Ohio Reports First Equine WNV Case of 2016
The first case of West Nile virus (WNV) in an Ohio horse has been confirmed in 2016.
Testing on samples taken from a 7-year-old Standardbred in Tuscarawas County confirmed the positive WNV diagnosis to the Ohio Department of Agriculture Sept. 12. The horse’s veterinarian first examined the animal Aug. 29. The animal was euthanized after exhibiting significant clinical signs, including shaking, agitation, and thrashing. The horse had not been vaccinated against the disease.
West Nile is transmitted to horses via bites from infected mosquitoes. Clinical signs for WNV include flulike signs, where the horse seems mildly anorexic and depressed; fine and coarse muscle and skin fasciculations; hyperesthesia (hypersensitivity to touch and sound); changes in mentation (mentality), when horses look like they are daydreaming or "just not with it"; occasional somnolence (drowsiness); propulsive walking (driving or pushing forward, often without control); and "spinal" signs, including asymmetrical weakness. Some horses show asymmetrical or symmetrical ataxia. Equine mortality rate can be as high as 30-40%.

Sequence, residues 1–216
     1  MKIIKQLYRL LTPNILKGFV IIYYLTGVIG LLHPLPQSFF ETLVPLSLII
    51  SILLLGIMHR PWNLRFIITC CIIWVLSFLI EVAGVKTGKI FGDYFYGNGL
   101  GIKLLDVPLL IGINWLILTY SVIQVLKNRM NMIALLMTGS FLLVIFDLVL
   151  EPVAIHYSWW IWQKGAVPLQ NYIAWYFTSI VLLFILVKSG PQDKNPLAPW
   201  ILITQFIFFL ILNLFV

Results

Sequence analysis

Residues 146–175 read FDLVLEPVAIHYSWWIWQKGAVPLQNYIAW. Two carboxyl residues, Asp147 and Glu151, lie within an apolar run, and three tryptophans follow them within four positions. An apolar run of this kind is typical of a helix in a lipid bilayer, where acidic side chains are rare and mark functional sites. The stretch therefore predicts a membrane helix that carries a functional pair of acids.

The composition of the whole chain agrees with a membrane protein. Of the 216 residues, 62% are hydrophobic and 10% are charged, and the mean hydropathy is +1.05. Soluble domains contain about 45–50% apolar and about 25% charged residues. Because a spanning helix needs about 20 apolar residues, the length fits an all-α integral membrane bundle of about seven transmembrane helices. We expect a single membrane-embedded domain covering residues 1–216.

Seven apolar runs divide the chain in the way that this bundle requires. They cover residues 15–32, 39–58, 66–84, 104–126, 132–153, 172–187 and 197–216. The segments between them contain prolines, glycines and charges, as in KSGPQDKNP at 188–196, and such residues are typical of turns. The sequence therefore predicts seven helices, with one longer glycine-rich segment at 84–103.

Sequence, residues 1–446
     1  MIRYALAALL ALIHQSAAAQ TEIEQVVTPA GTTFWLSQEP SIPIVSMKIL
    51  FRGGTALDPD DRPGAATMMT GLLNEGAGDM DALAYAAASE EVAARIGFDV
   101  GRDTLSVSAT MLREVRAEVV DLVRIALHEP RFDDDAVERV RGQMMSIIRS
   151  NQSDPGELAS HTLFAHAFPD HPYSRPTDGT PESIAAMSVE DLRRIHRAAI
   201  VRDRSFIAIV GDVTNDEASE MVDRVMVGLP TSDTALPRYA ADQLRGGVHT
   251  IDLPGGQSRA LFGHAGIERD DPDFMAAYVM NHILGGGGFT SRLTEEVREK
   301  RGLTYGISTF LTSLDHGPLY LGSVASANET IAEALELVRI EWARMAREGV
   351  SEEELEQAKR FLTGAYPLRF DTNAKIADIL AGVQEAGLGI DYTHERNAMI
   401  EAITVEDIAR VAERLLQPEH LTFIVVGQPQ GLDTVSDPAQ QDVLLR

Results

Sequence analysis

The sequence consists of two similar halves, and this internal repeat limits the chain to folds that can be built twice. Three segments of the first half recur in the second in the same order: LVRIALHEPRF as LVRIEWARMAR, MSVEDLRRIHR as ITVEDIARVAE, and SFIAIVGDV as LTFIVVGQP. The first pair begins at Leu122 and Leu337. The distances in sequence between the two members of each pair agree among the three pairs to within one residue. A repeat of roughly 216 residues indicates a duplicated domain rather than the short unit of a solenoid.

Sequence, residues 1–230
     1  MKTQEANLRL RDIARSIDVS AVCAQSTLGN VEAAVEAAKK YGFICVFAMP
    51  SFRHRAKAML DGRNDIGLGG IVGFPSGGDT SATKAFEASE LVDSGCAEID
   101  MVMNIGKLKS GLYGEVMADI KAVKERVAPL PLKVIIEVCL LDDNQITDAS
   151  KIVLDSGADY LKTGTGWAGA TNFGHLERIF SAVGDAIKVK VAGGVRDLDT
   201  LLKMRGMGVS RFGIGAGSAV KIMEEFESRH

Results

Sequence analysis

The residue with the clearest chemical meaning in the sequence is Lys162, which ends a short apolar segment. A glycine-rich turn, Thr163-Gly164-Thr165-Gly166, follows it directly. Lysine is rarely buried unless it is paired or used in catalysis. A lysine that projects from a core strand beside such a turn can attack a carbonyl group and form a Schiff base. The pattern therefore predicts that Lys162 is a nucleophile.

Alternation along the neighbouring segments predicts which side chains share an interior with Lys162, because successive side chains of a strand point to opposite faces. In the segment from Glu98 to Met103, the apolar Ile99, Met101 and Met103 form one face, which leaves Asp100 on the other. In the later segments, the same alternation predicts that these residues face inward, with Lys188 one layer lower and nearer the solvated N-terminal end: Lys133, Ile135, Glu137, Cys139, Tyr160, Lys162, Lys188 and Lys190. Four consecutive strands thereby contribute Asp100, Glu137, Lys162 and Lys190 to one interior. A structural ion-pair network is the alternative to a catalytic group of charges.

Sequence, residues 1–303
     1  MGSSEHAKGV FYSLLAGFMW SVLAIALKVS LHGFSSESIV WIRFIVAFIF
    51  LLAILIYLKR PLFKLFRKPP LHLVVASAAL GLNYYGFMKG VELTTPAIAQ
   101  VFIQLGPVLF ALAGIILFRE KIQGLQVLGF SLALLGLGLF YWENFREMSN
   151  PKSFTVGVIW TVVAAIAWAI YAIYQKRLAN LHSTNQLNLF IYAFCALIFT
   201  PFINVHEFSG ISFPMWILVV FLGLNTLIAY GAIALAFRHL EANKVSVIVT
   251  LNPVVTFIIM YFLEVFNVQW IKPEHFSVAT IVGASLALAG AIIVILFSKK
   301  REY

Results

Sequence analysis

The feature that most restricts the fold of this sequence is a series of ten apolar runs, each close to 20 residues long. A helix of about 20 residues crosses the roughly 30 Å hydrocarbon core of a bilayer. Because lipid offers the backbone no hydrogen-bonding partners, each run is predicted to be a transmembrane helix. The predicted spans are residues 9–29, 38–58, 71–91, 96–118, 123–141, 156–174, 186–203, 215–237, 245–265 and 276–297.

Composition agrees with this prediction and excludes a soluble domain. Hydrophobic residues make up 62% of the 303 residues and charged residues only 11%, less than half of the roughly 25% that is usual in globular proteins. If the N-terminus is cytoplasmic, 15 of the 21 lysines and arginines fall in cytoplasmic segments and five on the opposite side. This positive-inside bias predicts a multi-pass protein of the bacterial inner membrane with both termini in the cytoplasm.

“This incident in Tuscarawas County should serve as an alert to all horse owners to vaccinate their animals against West Nile virus,” said State Veterinarian Tony Forshey, DVM. “Vaccines are a proven and effective prevention tool and I encourage all owners to talk to their local vet for options and advice on how to keep their animals healthy
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